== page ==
Not All Super Heroes Are Invincible (In Gaming)
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2017 has had plenty of victims. One of them is, oddly enough, the superhero game. Superheroes and villains are incredibly hot right now. Comics from our childhood are being appreciated by a wider audience. This means all sorts of mass media designed to give us more opportunities to see the fictional characters we love. It also means games. Unfortunately, said games are experiencing quite a downturn. Not one, but two Marvel games are no more.

Both the Deadpool and Marvel Heroes games are on their deathbed. Things like licensing issues and a general lack of interest on the part of the series owner have led to their downfall. Deadpool vanished from Steam again this year, the second time it was pulled from digital distributors. Marvel Heroes Omega, a game that only just made its PlayStation 4 and Xbox One debut earlier in 2017, will be cut off on the last day of December 2017. All around, it’s an incredibly sad thing. It kills titles, taking away opportunities for people to save and appreciate them.

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I mean, these are popular characters and decent games. Deadpool may not be the best action game, but damn if it didn’t capture the character’s personality and his series’ essence. Marvel Heroes Omega was a respectable Diablo clone that has been existing and innovating since 2013. In each situation, they were on the cusp of popularity resurgences. Deadpool 2 is coming out in June 2018. Thor: Ragnarok was released in November 2017 and was supposed to inspire Marvel Heroes Omega events. That the ball is being dropped on things that are popular and people still tend to want is ludicrous.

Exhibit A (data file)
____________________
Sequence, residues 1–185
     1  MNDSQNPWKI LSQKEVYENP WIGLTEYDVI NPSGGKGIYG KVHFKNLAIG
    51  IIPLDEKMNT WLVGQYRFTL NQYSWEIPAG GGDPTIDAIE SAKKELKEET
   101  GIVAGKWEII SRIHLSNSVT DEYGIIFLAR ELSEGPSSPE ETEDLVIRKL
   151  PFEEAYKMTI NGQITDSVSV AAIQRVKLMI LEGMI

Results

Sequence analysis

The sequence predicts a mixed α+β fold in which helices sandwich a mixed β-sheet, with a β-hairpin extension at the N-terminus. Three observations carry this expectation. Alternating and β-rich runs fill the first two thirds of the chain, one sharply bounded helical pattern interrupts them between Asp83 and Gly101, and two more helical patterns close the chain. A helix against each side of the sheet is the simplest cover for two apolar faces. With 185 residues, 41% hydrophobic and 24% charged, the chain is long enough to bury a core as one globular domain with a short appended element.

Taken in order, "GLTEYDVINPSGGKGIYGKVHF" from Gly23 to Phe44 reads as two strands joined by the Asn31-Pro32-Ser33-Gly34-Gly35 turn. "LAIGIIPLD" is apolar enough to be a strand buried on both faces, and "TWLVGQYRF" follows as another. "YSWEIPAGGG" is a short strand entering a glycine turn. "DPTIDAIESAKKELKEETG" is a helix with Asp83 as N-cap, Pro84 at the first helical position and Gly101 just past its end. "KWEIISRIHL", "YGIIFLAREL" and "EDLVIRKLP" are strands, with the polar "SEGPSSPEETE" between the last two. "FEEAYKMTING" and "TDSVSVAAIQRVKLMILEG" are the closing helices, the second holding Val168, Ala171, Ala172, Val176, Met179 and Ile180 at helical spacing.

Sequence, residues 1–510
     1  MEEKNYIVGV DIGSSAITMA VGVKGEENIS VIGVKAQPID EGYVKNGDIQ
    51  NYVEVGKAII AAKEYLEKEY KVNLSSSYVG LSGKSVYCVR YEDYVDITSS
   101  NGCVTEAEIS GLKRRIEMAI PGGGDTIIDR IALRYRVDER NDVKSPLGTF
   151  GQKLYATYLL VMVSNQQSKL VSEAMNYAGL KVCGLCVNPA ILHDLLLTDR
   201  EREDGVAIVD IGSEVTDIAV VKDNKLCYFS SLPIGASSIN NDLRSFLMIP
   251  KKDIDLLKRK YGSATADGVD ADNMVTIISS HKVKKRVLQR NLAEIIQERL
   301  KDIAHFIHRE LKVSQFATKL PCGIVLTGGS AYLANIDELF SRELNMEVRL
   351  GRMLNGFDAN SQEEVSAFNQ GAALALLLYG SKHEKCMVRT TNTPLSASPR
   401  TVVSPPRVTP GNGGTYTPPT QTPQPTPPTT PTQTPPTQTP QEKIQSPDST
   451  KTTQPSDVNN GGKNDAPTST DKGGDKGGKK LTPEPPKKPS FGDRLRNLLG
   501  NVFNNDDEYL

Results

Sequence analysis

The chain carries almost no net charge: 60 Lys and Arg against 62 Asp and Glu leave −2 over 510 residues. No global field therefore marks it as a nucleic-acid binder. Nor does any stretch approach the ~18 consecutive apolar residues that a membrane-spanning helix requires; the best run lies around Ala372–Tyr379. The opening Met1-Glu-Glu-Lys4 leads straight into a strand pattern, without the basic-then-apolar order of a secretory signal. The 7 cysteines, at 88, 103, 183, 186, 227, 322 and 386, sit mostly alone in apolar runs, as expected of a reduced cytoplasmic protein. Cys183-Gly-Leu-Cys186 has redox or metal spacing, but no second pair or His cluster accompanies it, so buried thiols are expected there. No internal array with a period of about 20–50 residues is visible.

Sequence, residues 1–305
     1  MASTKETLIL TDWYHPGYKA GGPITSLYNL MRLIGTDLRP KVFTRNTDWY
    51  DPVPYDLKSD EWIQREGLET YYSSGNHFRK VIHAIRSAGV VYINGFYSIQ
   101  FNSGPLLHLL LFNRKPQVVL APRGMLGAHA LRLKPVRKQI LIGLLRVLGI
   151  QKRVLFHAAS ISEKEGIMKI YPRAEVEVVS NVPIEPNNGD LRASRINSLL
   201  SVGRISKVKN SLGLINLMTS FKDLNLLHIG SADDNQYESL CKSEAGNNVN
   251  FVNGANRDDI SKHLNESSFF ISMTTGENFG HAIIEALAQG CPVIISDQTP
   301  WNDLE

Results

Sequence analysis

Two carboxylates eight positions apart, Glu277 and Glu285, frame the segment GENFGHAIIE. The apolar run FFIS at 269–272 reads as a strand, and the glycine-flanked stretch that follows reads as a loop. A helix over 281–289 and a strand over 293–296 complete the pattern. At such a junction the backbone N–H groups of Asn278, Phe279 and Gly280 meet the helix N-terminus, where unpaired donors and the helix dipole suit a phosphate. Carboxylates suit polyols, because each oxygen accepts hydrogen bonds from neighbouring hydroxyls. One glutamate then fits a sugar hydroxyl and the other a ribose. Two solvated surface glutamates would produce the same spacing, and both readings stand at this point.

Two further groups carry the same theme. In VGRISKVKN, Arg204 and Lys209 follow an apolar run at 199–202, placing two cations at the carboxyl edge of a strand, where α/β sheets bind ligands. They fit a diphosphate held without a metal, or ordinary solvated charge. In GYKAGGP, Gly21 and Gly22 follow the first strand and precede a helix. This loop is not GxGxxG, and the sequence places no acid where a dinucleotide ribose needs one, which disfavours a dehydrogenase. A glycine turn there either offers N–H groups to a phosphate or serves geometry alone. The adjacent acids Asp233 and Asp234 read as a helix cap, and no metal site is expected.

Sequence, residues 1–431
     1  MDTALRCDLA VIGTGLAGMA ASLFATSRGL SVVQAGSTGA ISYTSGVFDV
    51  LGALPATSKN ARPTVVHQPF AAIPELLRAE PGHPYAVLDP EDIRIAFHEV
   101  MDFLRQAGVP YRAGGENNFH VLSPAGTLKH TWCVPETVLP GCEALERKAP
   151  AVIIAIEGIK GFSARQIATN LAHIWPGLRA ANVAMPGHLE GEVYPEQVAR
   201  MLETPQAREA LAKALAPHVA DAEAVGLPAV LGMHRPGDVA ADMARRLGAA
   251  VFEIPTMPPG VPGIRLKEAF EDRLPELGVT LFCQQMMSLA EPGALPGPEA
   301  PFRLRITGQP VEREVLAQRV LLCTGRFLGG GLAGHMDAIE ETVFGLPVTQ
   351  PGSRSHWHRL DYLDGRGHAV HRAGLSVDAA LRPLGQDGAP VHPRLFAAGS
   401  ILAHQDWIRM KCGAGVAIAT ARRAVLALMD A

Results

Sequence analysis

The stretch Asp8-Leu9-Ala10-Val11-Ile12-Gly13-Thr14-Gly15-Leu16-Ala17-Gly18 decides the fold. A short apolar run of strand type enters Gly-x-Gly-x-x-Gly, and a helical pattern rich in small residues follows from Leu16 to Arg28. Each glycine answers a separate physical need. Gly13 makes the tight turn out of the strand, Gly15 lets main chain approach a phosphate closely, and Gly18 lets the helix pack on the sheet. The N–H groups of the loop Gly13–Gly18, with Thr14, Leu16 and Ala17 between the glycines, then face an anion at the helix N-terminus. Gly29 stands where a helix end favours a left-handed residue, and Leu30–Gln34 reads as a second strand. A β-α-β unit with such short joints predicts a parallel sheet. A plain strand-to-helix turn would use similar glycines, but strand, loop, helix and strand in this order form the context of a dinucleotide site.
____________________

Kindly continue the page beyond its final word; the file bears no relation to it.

And when you think about it, this situation with Deadpool, Marvel Heroes Omega, and all of the other Marvel games that have come and gone due to licensing issues does not paint a pretty picture for the future. Think about what could happen with Lego Marvel Super Heroes or the upcoming Insomniac Spider-Man game. Sure, they may be fine for a few years. But the companies making these games are licensing the characters. They don’t own them. That protections aren’t built in to a game like Deadpool to ensure it will be around for at least five years after its release is insane and bad for consumers. And to suddenly halt an otherwise successful, free-to-play game like Marvel Heroes Omega the same year as a console launch seems unproductive.

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This means we could see more situations where suddenly something blinks out of existence. Unless we start getting assurances about things having set contracts that will guarantee listings on digital storefronts for set periods of time, things could get really uncomfortable. I mean, if Deadpool and Thor movies, ones that are successful, can’t convince a company that it is worth renewing licenses and investing in games, then what will? What happens to a game like Injustice 2 when it loses the license rights to Hellboy or the Teenage Mutant Ninja Turtles?

It is an unfortunate situation that highlights the trouble that comes from an digital age. Companies tend to license out characters and series. When those expire, then the games essentially do too. And even if the rights-holder is the one backing the series, we have seen that some companies very quickly and easily back out. Disney has been incredibly shy about major games, pulling away from Disney Infinity and now Marvel Heroes Omega in the last few years. With these kinds of issues, the future of video games based on existing characters could prove tumultuous. 

Jenni Lada
Jenni Lada
JMariye

Site Editor
Date: 11/20/2017

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